Bring your own food. This is especially easy if you’re staying in a room at one of the hotels. Be sure to know what amenities your room has, such as microwaves or refrigerators, and pick the foods you bring accordingly.
Bring your own liquor (or befriend someone else who did!). Several bars at the hotels have plenty of beverage options, but they are expensive. Bringing your own alcohol and mixers (if needed) is a cheaper alternative for partying at Dragon Con.
How to Save Money on Accommodations
Share a room with all of your friends. The more people you can split a room with, the less money everyone pays. If you’re comfortable sharing beds (or taking a piece of the floor), sharing a room with several friends makes staying in one of the hotel rooms affordable.
Book a room at one of the less-expensive hotels nearby. A cheaper hotel room means staying and partying later at the Con with more money left over to spend on drinks and souvenirs.
Find a buddy. If you don’t book a room before the Con (or if you can’t afford one), you may be able to find a friend to crash with. Lots of veteran con-goers are willing to open their doors (and liquor cabinets) to new friends made at the Con who may not have a place to crash.
Find a place to hide. Some people have been known to sneak a few hours of shut-eye underneath tables draped with table cloths, in elevators or in hallways. If you can stay up until the following day's activities, try finding a chair in the back of one of the rooms showing films for a little nap. Just no snoring!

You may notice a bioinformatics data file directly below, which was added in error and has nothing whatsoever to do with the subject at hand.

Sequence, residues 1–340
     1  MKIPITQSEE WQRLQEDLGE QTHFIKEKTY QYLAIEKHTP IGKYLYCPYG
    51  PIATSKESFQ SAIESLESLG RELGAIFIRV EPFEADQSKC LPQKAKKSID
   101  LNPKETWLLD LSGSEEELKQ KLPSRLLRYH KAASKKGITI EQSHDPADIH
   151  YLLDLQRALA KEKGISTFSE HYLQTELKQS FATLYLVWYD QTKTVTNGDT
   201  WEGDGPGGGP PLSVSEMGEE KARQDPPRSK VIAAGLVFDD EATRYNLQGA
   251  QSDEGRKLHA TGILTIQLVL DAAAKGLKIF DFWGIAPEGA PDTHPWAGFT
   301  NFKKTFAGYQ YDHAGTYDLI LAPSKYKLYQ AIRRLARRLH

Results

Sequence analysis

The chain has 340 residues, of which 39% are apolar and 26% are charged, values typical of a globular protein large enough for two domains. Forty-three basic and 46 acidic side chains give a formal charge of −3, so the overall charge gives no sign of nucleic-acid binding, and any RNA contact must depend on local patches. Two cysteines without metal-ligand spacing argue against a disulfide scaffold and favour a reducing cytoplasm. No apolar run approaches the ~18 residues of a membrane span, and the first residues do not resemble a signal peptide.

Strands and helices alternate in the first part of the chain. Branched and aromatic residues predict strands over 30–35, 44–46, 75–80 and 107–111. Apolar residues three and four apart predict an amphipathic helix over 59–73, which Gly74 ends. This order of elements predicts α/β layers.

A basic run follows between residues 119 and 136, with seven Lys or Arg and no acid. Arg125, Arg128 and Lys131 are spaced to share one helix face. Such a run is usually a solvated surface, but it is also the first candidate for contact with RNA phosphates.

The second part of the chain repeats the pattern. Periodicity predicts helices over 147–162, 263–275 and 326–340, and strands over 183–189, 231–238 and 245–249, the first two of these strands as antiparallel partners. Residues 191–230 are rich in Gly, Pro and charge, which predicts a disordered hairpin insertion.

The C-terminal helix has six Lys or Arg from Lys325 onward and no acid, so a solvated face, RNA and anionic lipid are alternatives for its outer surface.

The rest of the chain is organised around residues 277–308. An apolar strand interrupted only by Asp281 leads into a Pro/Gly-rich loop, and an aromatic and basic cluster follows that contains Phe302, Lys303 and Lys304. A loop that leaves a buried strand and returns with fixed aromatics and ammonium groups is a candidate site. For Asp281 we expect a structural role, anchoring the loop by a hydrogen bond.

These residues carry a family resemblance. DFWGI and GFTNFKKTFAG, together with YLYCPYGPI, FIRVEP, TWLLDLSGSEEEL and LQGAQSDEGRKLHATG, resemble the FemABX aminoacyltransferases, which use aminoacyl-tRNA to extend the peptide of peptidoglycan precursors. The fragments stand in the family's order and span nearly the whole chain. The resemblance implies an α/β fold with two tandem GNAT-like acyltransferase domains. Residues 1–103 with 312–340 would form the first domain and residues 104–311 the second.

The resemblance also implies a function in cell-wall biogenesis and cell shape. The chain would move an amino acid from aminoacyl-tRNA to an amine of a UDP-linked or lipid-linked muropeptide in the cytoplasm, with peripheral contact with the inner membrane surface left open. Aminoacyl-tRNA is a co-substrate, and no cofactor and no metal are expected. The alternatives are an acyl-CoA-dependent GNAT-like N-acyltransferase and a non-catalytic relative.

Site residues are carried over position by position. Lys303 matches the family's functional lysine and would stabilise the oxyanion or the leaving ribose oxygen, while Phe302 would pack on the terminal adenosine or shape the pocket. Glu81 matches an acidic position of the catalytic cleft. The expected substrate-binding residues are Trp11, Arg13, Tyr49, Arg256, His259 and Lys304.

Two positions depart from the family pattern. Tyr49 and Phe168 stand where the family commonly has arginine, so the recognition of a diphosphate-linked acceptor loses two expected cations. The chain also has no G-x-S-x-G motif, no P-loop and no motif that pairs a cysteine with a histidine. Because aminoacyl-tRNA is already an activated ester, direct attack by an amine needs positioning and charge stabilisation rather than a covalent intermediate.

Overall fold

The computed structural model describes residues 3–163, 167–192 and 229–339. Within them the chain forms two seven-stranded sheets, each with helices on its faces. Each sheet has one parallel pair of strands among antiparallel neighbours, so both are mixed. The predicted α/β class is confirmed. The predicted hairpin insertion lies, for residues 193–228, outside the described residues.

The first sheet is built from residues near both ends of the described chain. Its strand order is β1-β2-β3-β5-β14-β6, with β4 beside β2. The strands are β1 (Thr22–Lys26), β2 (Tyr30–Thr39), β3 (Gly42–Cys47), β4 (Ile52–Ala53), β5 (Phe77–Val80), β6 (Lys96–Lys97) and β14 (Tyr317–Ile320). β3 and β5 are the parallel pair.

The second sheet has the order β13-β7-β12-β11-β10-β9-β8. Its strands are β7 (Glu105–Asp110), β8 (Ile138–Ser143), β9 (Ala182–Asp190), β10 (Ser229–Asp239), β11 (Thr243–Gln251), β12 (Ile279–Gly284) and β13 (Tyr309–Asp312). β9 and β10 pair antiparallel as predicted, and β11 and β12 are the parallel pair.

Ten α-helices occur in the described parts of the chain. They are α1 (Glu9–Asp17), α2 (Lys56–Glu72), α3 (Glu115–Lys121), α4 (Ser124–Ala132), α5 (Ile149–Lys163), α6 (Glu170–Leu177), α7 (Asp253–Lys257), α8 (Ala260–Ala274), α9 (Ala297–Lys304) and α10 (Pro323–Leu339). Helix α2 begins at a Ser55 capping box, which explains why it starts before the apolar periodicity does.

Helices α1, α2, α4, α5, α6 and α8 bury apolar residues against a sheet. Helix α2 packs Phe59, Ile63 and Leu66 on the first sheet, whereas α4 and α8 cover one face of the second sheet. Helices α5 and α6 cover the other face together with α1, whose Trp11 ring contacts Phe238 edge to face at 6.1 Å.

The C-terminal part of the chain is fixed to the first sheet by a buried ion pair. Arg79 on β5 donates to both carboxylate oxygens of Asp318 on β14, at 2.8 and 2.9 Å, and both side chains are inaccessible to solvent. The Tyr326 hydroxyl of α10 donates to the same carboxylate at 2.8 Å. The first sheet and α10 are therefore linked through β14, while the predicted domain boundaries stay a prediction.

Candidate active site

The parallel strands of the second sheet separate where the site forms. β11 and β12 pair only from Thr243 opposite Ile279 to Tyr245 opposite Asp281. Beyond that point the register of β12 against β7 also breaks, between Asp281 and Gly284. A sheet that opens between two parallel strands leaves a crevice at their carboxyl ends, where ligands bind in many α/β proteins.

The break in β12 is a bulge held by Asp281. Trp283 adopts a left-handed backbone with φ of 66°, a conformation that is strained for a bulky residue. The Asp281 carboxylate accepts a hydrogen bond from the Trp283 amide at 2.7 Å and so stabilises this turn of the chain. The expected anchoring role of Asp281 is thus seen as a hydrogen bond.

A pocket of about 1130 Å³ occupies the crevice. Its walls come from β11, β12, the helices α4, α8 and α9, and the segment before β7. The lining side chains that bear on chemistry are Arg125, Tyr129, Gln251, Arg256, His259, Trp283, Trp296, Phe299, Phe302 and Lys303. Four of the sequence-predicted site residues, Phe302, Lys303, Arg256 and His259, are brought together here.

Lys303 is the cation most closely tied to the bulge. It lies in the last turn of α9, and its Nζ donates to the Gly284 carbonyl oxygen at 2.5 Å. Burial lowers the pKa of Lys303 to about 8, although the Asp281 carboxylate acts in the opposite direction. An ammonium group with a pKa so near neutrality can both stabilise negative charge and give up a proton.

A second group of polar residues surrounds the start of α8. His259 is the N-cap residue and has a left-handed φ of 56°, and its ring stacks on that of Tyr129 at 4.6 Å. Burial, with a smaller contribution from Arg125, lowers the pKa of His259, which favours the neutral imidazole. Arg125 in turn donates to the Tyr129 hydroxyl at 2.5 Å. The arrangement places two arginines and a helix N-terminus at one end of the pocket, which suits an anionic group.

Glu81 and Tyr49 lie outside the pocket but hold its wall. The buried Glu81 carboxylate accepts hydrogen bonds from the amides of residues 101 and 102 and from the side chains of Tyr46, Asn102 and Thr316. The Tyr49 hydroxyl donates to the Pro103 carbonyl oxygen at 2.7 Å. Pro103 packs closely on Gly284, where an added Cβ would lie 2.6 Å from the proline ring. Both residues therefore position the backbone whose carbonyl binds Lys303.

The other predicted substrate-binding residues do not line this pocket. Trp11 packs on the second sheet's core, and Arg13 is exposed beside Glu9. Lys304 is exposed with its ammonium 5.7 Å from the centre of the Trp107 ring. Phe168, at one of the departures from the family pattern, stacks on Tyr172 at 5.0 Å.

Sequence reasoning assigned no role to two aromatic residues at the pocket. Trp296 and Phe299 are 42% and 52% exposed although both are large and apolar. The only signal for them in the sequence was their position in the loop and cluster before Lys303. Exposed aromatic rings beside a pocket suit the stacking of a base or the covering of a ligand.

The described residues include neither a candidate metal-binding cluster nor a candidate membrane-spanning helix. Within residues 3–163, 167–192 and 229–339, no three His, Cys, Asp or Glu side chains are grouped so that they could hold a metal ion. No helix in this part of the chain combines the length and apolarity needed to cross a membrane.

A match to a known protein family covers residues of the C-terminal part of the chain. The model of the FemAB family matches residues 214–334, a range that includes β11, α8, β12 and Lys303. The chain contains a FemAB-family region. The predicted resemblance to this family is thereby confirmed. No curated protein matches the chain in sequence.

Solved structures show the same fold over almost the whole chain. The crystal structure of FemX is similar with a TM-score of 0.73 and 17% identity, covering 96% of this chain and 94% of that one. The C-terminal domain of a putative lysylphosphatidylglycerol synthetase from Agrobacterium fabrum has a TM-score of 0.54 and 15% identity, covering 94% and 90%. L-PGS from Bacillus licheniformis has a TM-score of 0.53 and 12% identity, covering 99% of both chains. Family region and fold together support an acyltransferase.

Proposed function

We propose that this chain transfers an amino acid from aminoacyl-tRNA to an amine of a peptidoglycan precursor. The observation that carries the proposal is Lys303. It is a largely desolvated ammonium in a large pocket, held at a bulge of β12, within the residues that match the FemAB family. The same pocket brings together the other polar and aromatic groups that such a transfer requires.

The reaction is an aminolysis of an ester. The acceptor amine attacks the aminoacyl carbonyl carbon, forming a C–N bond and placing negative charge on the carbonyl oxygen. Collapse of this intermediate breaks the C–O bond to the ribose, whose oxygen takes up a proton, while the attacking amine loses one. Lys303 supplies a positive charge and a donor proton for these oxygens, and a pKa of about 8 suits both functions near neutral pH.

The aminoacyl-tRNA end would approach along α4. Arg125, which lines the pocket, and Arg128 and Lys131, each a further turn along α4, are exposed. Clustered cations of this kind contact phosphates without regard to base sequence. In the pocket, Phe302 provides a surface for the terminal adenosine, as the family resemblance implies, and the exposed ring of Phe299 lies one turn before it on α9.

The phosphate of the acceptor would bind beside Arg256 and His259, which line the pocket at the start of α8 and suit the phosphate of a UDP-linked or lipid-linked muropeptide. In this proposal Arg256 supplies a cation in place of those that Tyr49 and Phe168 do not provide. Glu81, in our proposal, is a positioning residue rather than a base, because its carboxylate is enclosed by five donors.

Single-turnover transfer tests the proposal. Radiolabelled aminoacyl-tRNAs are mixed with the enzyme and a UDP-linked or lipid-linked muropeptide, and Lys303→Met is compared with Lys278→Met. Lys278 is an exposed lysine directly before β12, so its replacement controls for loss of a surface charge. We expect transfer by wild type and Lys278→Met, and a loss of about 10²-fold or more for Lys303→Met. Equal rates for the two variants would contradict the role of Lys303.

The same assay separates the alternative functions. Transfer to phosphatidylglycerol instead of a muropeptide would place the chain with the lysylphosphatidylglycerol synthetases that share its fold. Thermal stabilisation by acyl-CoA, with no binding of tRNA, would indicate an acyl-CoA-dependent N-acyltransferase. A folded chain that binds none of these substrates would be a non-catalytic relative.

Stay up. Although you may be hurting come Monday, staying up as long as you can is another option. With some coffee at your side, and plenty of all-hours shenanigans, it may be easier than you think.
Souvenirs and merchandise from the vendors can also be found for cheap. On the last days of the Con (Sunday, Monday) some vendors discount their wares instead of lugging them away from the convention.
Natalie David is a freelance writer and music journalist living in Atlanta. Since 2002, her work has appeared online or in print for SPIN, Beautiful/Decay, Athens Blur, StereoSubversion and Lost At Sea. Before pursuing freelance work full-time, David was also the assistant editor for The AutoPILOT, a magazine for general aviation enthusiasts.